A few months ago, on a muggy Saturday, our family made the much-anticipated trip to a big theme park. Our teenagers, undaunted by hot sun and crowds, were looking forward to a day adventuring on roller coasters and other adrenaline-surging rides, so as soon as we entered the park, we headed straight for the biggest, loopiest roller coaster of all.
One of my favorite forms of exercise is weightlifting. I’m no bodybuilder; I just do it to stay toned and keep in shape. I also find it interesting how akin weightlifting can be to our spiritual growth.
In our “spiritual weightlifting,” we have a truly awesome trainer. In Matthew 11:29, Jesus tells us, “Take My yoke upon you and learn from Me.” To me, the “yoke” is symbolic of anything that strengthens and exercises our faith and Christian walk. Jesus goes on to promise right after that, “My yoke is easy and My burden is light.”1
I grew up around creeks, lakes, and rivers, but when I was sixteen I went to Atlantic City, New Jersey, and saw the ocean for the first time. At the boardwalk the night we arrived, I walked out on a wooden pier. As the first thunderous waves crashed beneath my feet, I grabbed the railing, terrified. Since then I have had a cautious fondness for the ocean. I’ve never been a strong swimmer, but I love the look of the ocean, the feel of sand between my toes, and even the weightless feeling of being lifted from my feet and carried about by gentle waves—as long as I have something buoyant to hang onto.
After four years and a 44-hour bus ride, I was finally visiting my daughter and son-in-law and seeing my young granddaughter, Giovanna, for the first time. She had my heart instantly—so cute, so smart, so active. Other grandparents will understand if I say that my granddaughter is the most adorable, wonderful girl in the world!
Once upon a time, in a faraway land called Uz, there was a guy named Job. He was definitely one of the best guys around. He feared God and avoided evil. He was generous, kind, hardworking—overall, a good, godly man.1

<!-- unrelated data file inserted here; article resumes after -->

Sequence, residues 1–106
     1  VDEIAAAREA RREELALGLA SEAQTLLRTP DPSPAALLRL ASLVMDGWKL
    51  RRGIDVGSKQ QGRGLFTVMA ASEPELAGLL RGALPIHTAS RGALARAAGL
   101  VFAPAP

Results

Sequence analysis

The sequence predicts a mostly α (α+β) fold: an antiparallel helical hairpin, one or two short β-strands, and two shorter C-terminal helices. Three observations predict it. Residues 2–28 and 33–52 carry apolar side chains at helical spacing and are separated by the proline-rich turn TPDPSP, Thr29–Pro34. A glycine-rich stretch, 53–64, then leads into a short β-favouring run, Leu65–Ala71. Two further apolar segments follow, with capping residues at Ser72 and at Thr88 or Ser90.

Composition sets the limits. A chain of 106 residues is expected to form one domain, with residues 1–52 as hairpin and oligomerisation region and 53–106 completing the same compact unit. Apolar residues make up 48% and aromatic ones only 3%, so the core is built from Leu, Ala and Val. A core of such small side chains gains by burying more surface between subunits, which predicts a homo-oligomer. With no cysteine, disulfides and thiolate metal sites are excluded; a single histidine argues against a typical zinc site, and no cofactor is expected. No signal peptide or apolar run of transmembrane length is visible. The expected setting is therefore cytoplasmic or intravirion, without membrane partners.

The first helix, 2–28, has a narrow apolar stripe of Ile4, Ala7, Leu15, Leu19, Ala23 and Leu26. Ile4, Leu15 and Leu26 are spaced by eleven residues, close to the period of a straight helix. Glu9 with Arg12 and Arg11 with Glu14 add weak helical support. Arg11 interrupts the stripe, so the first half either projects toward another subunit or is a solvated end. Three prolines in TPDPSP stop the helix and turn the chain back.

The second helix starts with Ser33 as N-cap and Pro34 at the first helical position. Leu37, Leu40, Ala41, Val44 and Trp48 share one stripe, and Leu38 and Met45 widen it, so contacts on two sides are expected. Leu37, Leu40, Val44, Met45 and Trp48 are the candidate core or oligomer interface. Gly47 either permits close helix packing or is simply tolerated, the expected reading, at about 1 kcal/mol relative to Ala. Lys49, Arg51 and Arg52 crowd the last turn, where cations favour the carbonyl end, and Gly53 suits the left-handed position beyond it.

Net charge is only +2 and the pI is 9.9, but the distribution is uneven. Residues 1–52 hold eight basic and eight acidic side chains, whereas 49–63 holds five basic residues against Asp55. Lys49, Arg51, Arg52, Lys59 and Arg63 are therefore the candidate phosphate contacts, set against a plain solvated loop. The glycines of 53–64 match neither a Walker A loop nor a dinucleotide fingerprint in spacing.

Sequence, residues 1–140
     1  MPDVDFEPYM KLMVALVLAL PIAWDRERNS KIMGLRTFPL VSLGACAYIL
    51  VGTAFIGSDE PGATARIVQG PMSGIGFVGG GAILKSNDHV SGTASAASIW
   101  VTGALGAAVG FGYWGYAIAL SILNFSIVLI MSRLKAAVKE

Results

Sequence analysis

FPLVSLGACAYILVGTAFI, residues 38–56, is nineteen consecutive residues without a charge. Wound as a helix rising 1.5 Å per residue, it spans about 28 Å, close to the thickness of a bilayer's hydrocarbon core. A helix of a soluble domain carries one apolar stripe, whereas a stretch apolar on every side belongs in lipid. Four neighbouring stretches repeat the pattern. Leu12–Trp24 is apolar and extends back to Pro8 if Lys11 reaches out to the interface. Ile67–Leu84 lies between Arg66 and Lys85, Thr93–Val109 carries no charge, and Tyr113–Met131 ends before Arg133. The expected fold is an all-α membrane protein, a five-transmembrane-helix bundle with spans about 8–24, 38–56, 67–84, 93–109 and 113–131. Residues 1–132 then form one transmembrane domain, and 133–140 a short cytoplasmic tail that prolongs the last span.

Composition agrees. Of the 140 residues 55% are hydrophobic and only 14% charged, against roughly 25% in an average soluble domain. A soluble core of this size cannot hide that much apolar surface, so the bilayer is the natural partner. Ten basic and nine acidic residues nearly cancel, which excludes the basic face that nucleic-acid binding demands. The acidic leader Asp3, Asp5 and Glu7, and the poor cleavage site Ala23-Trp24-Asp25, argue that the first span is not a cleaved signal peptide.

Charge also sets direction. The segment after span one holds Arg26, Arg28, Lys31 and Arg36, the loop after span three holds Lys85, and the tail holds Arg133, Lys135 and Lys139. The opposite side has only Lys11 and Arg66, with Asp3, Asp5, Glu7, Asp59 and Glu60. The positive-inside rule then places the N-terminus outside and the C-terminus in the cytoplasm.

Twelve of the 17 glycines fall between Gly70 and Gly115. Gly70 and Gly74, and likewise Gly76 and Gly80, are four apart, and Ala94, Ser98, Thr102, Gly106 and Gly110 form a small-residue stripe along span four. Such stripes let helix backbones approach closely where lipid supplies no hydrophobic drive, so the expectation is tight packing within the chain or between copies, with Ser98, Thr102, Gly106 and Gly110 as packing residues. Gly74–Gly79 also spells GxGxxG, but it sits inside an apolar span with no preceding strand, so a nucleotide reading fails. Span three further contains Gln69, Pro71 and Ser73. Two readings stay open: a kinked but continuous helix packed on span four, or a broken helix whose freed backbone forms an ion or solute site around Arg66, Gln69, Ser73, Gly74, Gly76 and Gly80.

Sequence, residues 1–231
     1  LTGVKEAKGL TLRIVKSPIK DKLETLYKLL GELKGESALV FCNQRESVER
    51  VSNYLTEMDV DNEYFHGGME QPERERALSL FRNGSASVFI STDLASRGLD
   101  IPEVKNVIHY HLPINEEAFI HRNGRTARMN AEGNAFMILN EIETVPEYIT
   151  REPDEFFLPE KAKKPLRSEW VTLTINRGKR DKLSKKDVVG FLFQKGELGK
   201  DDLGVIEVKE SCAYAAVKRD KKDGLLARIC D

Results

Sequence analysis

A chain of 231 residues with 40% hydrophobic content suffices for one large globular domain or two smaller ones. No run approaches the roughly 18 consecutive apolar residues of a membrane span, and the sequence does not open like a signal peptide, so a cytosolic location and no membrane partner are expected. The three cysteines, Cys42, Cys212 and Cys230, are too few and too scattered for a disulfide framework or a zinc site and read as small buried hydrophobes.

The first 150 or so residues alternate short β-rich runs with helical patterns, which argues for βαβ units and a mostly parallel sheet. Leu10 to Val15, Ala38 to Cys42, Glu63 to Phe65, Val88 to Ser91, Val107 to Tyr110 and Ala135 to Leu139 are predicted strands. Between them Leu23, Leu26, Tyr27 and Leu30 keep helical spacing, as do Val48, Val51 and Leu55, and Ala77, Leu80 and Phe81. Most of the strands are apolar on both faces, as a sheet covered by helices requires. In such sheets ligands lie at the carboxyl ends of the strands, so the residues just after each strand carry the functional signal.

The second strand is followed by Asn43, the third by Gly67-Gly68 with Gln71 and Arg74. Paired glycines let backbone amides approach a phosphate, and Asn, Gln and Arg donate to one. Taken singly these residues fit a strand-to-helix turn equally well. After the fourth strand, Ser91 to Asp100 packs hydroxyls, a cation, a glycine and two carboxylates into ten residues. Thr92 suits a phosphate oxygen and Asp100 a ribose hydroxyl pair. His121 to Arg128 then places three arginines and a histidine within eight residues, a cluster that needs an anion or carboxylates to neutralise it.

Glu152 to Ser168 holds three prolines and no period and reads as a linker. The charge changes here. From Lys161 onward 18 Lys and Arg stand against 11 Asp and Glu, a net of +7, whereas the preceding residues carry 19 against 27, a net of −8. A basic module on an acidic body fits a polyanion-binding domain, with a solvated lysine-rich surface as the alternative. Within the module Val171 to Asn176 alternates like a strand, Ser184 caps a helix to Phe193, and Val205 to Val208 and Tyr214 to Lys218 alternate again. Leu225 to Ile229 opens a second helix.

Not only was Job a good guy, he also had a pretty great life. He had money, land, livestock, and servants. He had a wife and ten children.2 He was healthy. He was a respected figure in the community and had friends everywhere. Everyone knew who Job was.3
I was on my way to visit a friend. As the bus approached the hospital where she was staying, a nervous shudder went through me, and I fumbled for a fitting greeting. My friend had always been sickly, and within the past year, she’d struggled to fight off several aggressive infections. Now, a major surgery had resulted in complications.
A few years ago my life changed, and not in a small way. There were so many changes at once. It was quite overwhelming and rather discouraging at times.
First, I had to move back to my home country, Ukraine, after having lived in Bosnia and Herzegovina for six years doing missionary and volunteer work. My two sons, who had always been with me, had grown into wonderful young men and moved on to pursue their goals. I needed to find a place to stay, a job, things to do, and motivation to go on.
I’ve always been fascinated by the stories of people who just up and change their lives. The successful surgeon who becomes a baker, the beggar who becomes a Wall Street tycoon, the soccer mom who becomes a backpacking mountaineer, the high-powered corporate couple who embrace minimalism and travel the world living out of a suitcase. I must like the comfort of believing that if it’s ever necessary, I too can change when I need to.
There are some verses I’ve had a very difficult time with. One of them is “Pray continually.”1 That verse is often on my mind, and I’ve learned how important it is to pray. I pray a lot, but I don’t pray continually, so I’ve often felt guilty about not praying enough.
Prayer often works like baking a loaf of bread: You’ve got to mix the ingredients, knead the dough, proof the dough, then bake the finished loaf.
Step one: mix the ingredients. When baking bread, you can’t just throw a bunch of random stuff in a bowl and expect to get a loaf of bread. If you expect to get something edible, you have to use specific ingredients.